What makes Higgs Boson different is that one needs little imagination to recognize its power, for to control it is to control an important building block of the universe. What is needed to tame the Higgs field is a monumental temperature that we petty humans have little hope of reaching and even less hope of controlling. In this way, we can do nothing but pound the table in frustration, because something so wonderful is beyond our grasp.

    All that said I must admit the world is better with the Mona Lisa, with Mount Rushmore, and with a our esoteric knowledge of the stars.

    Not possibly. Curiosity is more constructive than greed. As someone trained in economics I can assure you that is the case, but that is another discussion.

    P.S. Please don't try to calculate how many microwave grenades would be needed to manipulate the Higgs field. Thank you.
     
  8. Mar 9, 2013 #7

    Bill_K

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    Billion-dollar projects must be approved by politicians, and research is a difficult concept to explain to politicians. "To go where no man has gone before" is insufficient, there must be an easily understandable goal, and the search for the Higgs boson provided one.

    Many times, funding decisions are made on the basis of other factors unrelated to science. The Superconducting Supercollider was a planned 20 GeV/beam collider, triple the energy of the LHC. In 1993 it was killed. Due to cost overruns, as well as lingering bitterness over the choice of location, plus political preference for an International Space Station, to demonstrate that Russia and the US could cooperate on a large space project.

    In all honesty, the LHC itself was built for other reasons besides Higgs hunting. The quiet hope was that something unexpected would be found. "Beyond the Standard Model" physics. Either no Higgs, or multiple Higgs, technicolor, supersymmetry, extra dimensions or whatever, something that would give theorists something new to think about. By far the worst-case scenario has always been that the Higgs boson would be found and nothing else.

    So far, that's exactly what's happened.
     
  9. Mar 9, 2013 #8

    mfb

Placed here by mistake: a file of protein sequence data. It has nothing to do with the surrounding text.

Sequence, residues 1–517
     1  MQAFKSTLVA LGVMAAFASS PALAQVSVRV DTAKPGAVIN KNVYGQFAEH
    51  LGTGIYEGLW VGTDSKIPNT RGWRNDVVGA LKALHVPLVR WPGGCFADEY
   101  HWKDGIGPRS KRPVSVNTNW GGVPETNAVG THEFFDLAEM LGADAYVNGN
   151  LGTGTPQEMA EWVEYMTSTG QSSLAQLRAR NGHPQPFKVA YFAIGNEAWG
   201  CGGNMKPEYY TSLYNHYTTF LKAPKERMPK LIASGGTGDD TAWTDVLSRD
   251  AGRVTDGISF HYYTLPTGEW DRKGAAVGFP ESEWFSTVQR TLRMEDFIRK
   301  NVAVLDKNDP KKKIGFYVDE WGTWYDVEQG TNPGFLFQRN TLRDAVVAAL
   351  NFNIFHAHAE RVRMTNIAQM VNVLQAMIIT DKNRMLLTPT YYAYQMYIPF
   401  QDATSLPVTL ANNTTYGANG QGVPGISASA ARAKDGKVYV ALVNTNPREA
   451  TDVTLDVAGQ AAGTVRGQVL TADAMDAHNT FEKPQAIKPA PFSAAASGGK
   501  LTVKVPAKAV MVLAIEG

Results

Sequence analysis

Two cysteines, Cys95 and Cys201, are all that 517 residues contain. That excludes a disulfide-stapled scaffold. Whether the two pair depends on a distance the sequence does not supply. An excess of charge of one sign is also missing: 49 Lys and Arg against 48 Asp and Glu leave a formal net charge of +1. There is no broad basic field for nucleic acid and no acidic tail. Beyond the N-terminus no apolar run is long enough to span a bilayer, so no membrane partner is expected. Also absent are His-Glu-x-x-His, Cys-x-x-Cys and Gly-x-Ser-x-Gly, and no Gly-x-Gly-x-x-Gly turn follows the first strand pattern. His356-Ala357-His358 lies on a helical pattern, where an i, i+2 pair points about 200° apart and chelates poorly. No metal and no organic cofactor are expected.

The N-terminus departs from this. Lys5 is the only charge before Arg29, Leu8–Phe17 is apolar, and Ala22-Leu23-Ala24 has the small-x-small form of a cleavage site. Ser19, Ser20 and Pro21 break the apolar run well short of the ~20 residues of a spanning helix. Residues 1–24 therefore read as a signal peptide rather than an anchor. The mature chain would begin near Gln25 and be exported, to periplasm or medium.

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    As a rule of thumb, fundamental science today can be an application 50 years in the future. There are so many examples - quantum mechanics has been mentioned, the laser is another popular one, and we should not forget electricity and particle accelerators and detectors.
    And the side-products are worth the investment anyway. The world wide web was invented for particle physicists, for example.
    So true...
     
  10. Mar 10, 2013 #9

    ZapperZ

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    Actually, we need to make sure that is clarified, because I can easily see some anti-science junkie claiming that the LHC has done nothing else and has no other purpose than just to discover the Higgs. Let's be clear that no country and no funding agency in this world would spend $10 billion just for a single-task machine.

    The LHC has advanced elementary particle physics in other ways, beyond just looking for the Higgs. Just do a search on the literature and the evidence for this is clear. In fact, just this past week, LHCb announced a definitive evidence of the D-meson mixing between its matter-antimatter state. We can also talk about ALICE detector and how it has surpassed BNL's RHIC for heavy ion collision that has already produced results. And we haven't talked about CMS and ATLAS yet that had done more beyond just hunting for the Higgs.

    I know you are aware of all these, but leaving that comment hanging like that is ripe for someone else to have the wrong impression that the LHC has done nothing else. While they haven't seen any new physics beyond the Standard Model (SUSY signature is still missing), they certainly have not produced nothing else beyond the Higgs.

    Zz.
     
  11. Mar 10, 2013 #10

    mfb

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    That is not as new as it looks like, the study was already presented and uploaded on arXiv in November.

    As far as I know, the ##\Delta A_{CP}## measurement mentioned there is the only result which is not so compatible with previous theory predictions.
    On the other hand, charm mixing is problematic to predict, as it is really hard to calculate things there.
     
  12. Mar 10, 2013 #11

    ZapperZ

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    It could be announced a year ago, and it still wouldn't change the point that I was making that to say the LHC hasn't produced nothing else is not only misleading, but also wrong.

    Zz.
     
  13. Mar 10, 2013 #12
    Science and knowledge even if worth billions of dollars and with no actual physical use in the next ten years is still useful and I think should be done.
    I think the problem here is different.
    it's about our selfishness there are so many billions lost in wars, attacks, economic struggles , bankers who want fast money or other things.Those sum up to hundreds of times the money we spend on science.